Feeds

Hand over the code, judge tells IBM

SCO gets lots of source, plus a football lesson

  • alert
  • submit to reddit

High performance access to file storage

The SCO Group has secured a legal victory over IBM with a judge ordering IBM to reveal all of its versions of AIX and Dynix and documentation of any changes made to the software.

While SCO was granted this crucial part of its request, it lost out in a bid to see IBM's Configuration Management Version Control (CMVC) and Revision Controls System (RCS) - both of which are used to track alterations to IBM's software. Should IBM fail to provide all versions of AIX and Dynix by March 18, it will be forced to give SCO access to CMVC and RCS, said US Magistrate Judge Brooke Wells.

"SCO has much to gain by showing that any so called homegrown code allegedly within the purview of the contract ended up in Linux," the judge wrote. "In equal respect, IBM's case will be strengthened tenfold if IBM can show that notwithstanding possible contract protections, homegrown code provided no basis for the code that IBM eventually contributed to Linux."

The judge also gave IBM a break with regard to the amount of programmer's notes it must provide to SCO. Instead of interviewing a whopping 7,200 individuals, IBM will only have to query the 3,000 people who made the most contributions and changes to AIX and Dynix. IBM must turn over all of the programmer's notes, design documents and white papers, along with contact information for these individuals.

The judge also postponed a decision on whether or not IBM will have to turn over documents from its top executives relating to the case.

Both SCO and IBM were warned to improve their behavior in this case.

"There have been abundant accusations of stonewalling in this case by both parties," the judge wrote. "While the court assumes the good faith of all litigants before it, the court, nevertheless, urges both sides to renew their efforts in cooperating with each other."

In a rather odd twist, the judge drifted off into a football history lesson. The judge, in a footnote, compared both SCO and IBM to "two-way" football players that used to work on both offense and defense.

"Although some modern players are considered 'two-way' players, few can match the legendary ironmen from football's past who often played on both offense and defense the entire game. Hall of Famer Mel Hein is the perfect example. This New York Giants' star was one of the most durable players in NFL history. He played 15 seasons going for 60 minutes a game without nearly any rest. Amazingly, he called for a timeout just once in his career. The timeout was used to repair his broken nose."

We're sure SCO and IBM will take that important lesson to heart.

The full decision is available here in PDF format. ®

Related stories

Software patents: the fight in Europe
Novell's MS complaint: we wuz robbed
SCO not sure pro-SCO site is a good idea
SCO's profit turns to loss as Q3 revenue tumbles
IBM threatens SCO with GPL hearing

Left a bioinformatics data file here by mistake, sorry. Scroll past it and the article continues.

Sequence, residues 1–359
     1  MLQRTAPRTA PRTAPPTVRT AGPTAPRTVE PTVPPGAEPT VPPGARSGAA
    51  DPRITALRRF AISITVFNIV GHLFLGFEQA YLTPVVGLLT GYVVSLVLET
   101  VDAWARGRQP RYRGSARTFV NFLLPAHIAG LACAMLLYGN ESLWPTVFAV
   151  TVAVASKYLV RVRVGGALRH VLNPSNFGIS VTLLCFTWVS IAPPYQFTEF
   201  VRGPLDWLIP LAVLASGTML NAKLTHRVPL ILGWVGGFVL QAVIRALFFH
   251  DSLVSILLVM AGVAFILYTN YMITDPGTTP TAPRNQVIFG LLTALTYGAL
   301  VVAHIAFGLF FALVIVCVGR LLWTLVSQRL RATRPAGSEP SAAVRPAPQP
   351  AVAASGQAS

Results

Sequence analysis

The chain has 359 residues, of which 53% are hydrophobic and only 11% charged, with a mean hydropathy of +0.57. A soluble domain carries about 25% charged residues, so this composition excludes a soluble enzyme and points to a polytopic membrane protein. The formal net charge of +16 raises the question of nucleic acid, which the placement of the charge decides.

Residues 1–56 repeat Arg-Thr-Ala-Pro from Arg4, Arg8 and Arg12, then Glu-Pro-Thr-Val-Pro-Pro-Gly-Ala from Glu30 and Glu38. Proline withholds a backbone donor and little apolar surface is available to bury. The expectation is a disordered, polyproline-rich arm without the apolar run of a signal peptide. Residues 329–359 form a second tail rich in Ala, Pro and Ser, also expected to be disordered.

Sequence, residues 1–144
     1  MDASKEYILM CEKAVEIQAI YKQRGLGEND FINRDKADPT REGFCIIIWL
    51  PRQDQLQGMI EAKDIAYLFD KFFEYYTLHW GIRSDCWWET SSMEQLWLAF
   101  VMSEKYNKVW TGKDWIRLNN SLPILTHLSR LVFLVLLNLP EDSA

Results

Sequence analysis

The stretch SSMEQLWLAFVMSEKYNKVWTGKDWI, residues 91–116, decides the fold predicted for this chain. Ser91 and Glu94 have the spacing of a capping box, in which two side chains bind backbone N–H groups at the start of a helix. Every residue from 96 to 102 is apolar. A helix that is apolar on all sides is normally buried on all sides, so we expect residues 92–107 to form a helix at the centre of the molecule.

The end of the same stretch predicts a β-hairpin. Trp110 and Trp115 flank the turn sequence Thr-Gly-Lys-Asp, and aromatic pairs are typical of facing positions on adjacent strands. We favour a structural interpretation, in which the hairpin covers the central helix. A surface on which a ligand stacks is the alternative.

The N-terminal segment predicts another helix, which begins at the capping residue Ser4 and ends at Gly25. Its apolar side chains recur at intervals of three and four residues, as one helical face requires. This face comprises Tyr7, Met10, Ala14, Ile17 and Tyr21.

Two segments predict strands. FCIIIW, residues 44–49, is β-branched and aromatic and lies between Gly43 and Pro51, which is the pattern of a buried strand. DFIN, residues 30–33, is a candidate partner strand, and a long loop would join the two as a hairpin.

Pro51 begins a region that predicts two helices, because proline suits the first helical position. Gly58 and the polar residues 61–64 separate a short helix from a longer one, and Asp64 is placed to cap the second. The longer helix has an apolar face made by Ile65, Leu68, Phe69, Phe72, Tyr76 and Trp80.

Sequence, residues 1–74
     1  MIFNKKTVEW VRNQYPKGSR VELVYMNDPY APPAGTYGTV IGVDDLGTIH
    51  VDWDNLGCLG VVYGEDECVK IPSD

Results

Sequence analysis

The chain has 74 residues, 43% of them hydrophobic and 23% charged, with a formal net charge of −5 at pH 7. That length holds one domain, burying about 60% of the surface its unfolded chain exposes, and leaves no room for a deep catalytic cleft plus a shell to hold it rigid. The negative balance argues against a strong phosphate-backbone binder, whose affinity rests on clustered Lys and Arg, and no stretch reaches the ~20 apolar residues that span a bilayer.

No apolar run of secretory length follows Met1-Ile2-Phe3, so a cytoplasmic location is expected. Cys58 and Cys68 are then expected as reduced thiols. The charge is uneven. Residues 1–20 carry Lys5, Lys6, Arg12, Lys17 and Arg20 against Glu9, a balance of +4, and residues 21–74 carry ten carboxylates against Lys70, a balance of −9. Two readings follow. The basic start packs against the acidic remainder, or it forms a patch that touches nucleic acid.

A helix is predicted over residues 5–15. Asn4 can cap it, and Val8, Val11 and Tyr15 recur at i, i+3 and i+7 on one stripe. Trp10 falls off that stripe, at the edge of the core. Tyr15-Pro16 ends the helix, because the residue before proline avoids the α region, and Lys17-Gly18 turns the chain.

High performance access to file storage

More from The Register

next story
Windows 8.1, which you probably haven't upgraded to yet, ALREADY OBSOLETE
Pre-Update versions of new Windows version will no longer support patches
Android engineer: We DIDN'T copy Apple OR follow Samsung's orders
Veep testifies for Samsung during Apple patent trial
OpenSSL Heartbleed: Bloody nose for open-source bleeding hearts
Bloke behind the cockup says not enough people are helping crucial crypto project
Microsoft lobs pre-release Windows Phone 8.1 at devs who dare
App makers can load it before anyone else, but if they do they're stuck with it
Half of Twitter's 'active users' are SILENT STALKERS
Nearly 50% have NEVER tweeted a word
Windows XP still has 27 per cent market share on its deathbed
Windows 7 making some gains on XP Death Day
Internet-of-stuff startup dumps NoSQL for ... SQL?
NoSQL taste great at first but lacks proper nutrients, says startup cloud whiz
US taxman blows Win XP deadline, must now spend millions on custom support
Gov't IT likened to 'a Model T with a lot of things on top of it'
Microsoft TIER SMEAR changes app prices whether devs ask or not
Some go up, some go down, Redmond goes silent
prev story

Whitepapers

Securing web applications made simple and scalable
In this whitepaper learn how automated security testing can provide a simple and scalable way to protect your web applications.
Five 3D headsets to be won!
We were so impressed by the Durovis Dive headset we’ve asked the company to give some away to Reg readers.
HP ArcSight ESM solution helps Finansbank
Based on their experience using HP ArcSight Enterprise Security Manager for IT security operations, Finansbank moved to HP ArcSight ESM for fraud management.
The benefits of software based PBX
Why you should break free from your proprietary PBX and how to leverage your existing server hardware.
Mobile application security study
Download this report to see the alarming realities regarding the sheer number of applications vulnerable to attack, as well as the most common and easily addressable vulnerability errors.